It has been almost two years since the pandemic started and we have been living with lockdowns, travel restrictions, and a sense of anxiety around us. Working from home has been pretty much the norm or default these days. As we look forward towards a fully vaccinated society, I mull over what has transpired and what I personally experienced these two years.
Fatigued? Take a break!
Even before the pandemic, working from home has always been my preferred choice as it allowed me some personal time and space to think and get things done privately, away from the hustle and bustle of an office environment. However, this period of extended work from home has seen me not able to differentiate between work and personal time. This has inevitably had me working for almost 12 hours per day non-stop, having lunch at my desk and late dinners just before turning in for the night. Then it repeats itself the following day, with back-to-back zoom meetings, follow-up on emails, and various administrative tasks. This has certainly taken a toll on my mental health, finding myself feeling constantly mentally fatigued.
I’m not alone on this and even Eric Yuan, CEO and founder of Zoom, has zoom fatigue. Thankfully, just like Eric Yuan who made sure to cut back on his nonstop online meetings, I have recognised this problem, and have been making conscious decisions to manage my time better, reducing back-to-back meetings and ensuring time is set aside apart from just work.
Switch off with physical and mental exercises
The changes I have made were to put in physical exercises during the day to create breaks in between work. Firstly, I do high-intensity interval training before lunch and then do short 3km runs in the evenings before dinner. I found this helpful, especially when my mind is racing with lots of thoughts and stress levels are high.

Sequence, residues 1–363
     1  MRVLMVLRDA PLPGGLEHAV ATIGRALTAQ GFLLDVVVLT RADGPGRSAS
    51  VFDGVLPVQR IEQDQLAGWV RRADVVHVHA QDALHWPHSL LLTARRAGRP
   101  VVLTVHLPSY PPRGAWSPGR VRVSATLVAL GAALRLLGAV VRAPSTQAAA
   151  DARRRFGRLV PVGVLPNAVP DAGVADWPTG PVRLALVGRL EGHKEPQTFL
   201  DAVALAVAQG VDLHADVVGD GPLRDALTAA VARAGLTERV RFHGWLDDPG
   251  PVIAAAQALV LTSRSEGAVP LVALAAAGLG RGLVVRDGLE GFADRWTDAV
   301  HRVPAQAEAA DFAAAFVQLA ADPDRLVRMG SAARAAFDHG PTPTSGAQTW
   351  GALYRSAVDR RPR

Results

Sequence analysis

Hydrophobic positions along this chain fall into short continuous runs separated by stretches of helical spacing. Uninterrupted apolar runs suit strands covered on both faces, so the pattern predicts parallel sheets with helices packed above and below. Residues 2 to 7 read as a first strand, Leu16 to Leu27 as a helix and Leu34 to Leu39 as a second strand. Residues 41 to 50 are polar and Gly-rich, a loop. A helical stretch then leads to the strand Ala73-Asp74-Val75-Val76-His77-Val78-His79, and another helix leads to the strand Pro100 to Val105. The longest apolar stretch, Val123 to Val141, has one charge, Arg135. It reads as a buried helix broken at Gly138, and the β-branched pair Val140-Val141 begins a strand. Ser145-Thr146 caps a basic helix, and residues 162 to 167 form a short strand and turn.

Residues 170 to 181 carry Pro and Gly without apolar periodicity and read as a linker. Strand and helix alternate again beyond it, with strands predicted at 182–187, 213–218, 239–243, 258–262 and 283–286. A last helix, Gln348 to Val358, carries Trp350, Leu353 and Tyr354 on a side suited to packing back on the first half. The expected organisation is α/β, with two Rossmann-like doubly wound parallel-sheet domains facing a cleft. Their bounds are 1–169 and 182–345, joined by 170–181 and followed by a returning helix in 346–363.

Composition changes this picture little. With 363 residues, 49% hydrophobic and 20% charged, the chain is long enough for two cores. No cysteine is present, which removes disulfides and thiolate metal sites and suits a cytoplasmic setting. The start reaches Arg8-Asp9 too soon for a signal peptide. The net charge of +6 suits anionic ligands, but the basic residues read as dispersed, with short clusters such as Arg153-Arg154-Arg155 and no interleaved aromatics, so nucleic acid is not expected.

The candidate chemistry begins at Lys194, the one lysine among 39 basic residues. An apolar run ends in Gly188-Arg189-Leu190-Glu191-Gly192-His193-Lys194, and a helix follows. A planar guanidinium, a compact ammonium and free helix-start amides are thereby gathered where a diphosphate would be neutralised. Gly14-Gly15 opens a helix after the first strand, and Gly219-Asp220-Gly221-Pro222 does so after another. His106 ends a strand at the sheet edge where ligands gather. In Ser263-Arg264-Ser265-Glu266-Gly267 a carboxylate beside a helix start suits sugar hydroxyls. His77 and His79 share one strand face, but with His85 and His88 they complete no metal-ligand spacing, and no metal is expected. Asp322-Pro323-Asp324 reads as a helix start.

Expending the energy built up mentally really helps to calm down the mind before the end of the night, where I end it with some meditative music, occasionally masterclasses by Jon Kabat-Zinn on meditation and mindfulness or just quiet time to discipline my thoughts to switch off.
Knowing, and managing
So, how do we know? How do we know that we are having some mental issues, burnout, are overly stressed, have anxiety, or are even depressed? When we are physically ill and with symptoms, we see a doctor to get a diagnosis or treatment. However, with mental issues, how do we know? How do we manage?
Neeuro, the Singapore-based global company focused on digital therapeutics for brain fitness and agility, which I co-founded, has come up with solutions to help strengthen our brains. In my case, the fatigue and stress I was going through due to the pandemic, has reminded me that one’s mental health condition may be measured and managed properly.
Can we measure our mental health condition with electroencephalogram or EEG? How do we know if we are getting better?
In the second of this three-part series, I will discuss the importance of measuring brainwaves, understanding, and then managing through machine learning algorithms that give feedback on your mental state.
Realizing I am one of possibly millions who have gone through mental health challenges because of the unexpected severity of the pandemic effects, has further pushed me to design and develop better solutions to address and strengthen our brain health, especially and including using electroencephalogram (EEG) for a healthier mind.
Have a very Merry Christmas, and a healthy and happy New Year!